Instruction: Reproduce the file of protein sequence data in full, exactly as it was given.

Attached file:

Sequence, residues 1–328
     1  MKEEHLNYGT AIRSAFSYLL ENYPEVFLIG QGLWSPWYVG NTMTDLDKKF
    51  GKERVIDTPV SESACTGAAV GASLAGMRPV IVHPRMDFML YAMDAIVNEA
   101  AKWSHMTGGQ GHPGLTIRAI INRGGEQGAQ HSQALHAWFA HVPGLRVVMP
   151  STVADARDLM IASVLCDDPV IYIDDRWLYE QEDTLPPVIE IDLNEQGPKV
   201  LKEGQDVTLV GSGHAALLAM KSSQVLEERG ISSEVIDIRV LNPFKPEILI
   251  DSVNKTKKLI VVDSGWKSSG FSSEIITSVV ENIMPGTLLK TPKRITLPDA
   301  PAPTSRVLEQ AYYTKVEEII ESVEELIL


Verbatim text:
Sequence, residues 1–328
     1  MKEEHLNYGT AIRSAFSYLL ENYPEVFLIG QGLWSPWYVG NTMTDLDKKF
    51  GKERVIDTPV SESACTGAAV GASLAGMRPV IVHPRMDFML YAMDAIVNEA
   101  AKWSHMTGGQ GHPGLTIRAI INRGGEQGAQ HSQALHAWFA HVPGLRVVMP
   151  STVADARDLM IASVLCDDPV IYIDDRWLYE QEDTLPPVIE IDLNEQGPKV
   201  LKEGQDVTLV GSGHAALLAM KSSQVLEERG ISSEVIDIRV LNPFKPEILI
   251  DSVNKTKKLI VVDSGWKSSG FSSEIITSVV ENIMPGTLLK TPKRITLPDA
   301  PAPTSRVLEQ AYYTKVEEII ESVEELIL